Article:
In the Kingdom of Bhutan, pressure from local residents has halted a mining project that would have endangered Red Panda habitat.
As reported by the state-run newspaper Kuensel, residents of Dorithasa village in the west of the country successfully put pressure on politicians to stop the planned mining of marble.
Bhutan’s district assembly, the Dzongkhag Tshogdu, has now decided to suspend preparatory work for mining.
Protected area for Red Pandas
The potential mining area overlaps with the Jigme Khesar Strict Nature Reserve, a protected area in the west of the country. This area is also home to the endangered Red Pandas. For this reason, even logging is prohibited there. Since 2019, however, test drilling has been carried out there on behalf of the Department of Geology and Mines of Bhutan’s Ministry of Economic Affairs.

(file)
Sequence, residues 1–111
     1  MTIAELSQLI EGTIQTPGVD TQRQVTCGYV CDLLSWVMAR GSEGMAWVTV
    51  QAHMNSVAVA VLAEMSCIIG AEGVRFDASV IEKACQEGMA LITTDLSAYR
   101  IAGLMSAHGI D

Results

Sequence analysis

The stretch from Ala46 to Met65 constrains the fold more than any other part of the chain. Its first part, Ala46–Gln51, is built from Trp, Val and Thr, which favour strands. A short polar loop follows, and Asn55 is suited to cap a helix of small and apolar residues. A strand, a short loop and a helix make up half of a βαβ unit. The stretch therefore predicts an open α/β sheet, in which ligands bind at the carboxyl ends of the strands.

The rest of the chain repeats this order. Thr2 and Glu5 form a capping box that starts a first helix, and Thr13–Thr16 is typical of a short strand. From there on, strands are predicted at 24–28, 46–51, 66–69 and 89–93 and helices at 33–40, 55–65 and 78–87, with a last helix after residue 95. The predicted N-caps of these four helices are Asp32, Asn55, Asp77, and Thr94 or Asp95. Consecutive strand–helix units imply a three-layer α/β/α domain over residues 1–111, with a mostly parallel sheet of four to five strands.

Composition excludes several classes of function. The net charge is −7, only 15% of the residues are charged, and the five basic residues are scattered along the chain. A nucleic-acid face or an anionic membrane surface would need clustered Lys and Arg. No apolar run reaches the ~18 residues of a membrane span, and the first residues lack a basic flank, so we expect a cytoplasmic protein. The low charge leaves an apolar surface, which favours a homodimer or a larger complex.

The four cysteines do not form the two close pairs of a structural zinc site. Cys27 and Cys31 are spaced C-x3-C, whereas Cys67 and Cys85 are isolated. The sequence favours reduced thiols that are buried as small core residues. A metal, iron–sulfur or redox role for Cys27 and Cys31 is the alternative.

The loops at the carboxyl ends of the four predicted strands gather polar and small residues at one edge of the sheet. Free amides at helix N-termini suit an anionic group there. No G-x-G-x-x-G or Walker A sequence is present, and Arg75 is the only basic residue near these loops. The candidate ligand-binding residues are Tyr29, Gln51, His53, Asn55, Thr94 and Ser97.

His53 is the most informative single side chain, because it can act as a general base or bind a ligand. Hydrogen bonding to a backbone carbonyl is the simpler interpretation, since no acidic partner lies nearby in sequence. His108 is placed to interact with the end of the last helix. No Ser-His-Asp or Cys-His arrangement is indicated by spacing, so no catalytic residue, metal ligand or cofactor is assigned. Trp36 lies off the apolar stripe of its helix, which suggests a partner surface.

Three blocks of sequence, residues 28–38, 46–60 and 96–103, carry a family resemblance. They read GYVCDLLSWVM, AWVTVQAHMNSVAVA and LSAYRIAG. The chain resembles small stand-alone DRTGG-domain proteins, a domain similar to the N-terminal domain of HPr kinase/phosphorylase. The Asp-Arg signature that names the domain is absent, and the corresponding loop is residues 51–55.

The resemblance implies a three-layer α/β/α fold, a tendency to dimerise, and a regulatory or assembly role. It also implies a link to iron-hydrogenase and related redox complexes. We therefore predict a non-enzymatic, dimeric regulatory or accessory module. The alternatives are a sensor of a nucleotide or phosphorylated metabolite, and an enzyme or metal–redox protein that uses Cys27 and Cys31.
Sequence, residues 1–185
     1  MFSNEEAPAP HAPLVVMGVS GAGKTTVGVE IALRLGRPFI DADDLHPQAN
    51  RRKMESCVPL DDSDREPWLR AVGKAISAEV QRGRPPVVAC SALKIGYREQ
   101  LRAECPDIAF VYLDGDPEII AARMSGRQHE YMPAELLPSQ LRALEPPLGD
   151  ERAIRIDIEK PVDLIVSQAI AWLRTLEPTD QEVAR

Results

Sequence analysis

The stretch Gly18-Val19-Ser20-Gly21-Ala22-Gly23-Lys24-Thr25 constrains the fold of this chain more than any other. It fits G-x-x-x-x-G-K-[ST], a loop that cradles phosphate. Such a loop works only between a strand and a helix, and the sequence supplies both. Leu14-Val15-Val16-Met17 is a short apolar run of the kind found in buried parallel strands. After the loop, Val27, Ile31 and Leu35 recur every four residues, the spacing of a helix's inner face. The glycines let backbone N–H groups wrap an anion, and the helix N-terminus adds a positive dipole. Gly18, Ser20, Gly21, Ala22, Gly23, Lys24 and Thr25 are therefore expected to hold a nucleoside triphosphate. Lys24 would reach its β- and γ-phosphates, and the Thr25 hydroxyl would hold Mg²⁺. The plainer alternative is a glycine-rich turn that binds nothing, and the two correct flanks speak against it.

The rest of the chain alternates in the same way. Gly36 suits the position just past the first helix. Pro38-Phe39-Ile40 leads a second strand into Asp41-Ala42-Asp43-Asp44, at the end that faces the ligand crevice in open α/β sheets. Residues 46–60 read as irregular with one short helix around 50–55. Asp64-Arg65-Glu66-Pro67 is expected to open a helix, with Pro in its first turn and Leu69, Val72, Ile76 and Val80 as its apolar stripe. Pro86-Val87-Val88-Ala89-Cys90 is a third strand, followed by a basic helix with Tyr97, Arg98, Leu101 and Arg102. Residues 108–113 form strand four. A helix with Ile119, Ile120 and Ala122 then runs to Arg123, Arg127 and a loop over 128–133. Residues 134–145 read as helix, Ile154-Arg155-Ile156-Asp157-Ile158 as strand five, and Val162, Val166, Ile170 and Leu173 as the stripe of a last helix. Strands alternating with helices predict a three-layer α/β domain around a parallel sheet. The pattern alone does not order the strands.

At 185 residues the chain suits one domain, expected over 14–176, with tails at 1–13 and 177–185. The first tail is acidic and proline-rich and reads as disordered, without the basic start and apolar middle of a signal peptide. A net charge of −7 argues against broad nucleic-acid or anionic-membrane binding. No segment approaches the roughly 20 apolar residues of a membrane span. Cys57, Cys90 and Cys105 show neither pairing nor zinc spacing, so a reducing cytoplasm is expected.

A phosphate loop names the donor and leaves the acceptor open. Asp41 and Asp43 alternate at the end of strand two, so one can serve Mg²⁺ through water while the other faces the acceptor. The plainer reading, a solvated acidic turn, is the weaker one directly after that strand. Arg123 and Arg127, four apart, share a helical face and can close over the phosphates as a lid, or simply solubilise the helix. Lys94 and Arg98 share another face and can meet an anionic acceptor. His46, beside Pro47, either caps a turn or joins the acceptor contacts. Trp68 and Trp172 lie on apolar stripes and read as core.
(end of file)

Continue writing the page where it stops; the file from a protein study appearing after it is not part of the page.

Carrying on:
A no with many reasons
However, the population does not only reject the mining project because of the potential threat to the Red Panda population. One of the two planned blocks of the mining area, Block A, is located above the village of Dorithasa in an area attributed to the local patron deity Yuelha. According to estimates, the marble deposit in Block A amounts to 37 million tons. Block B, on the other hand, is considered to be the village’s source of drinking and utility water.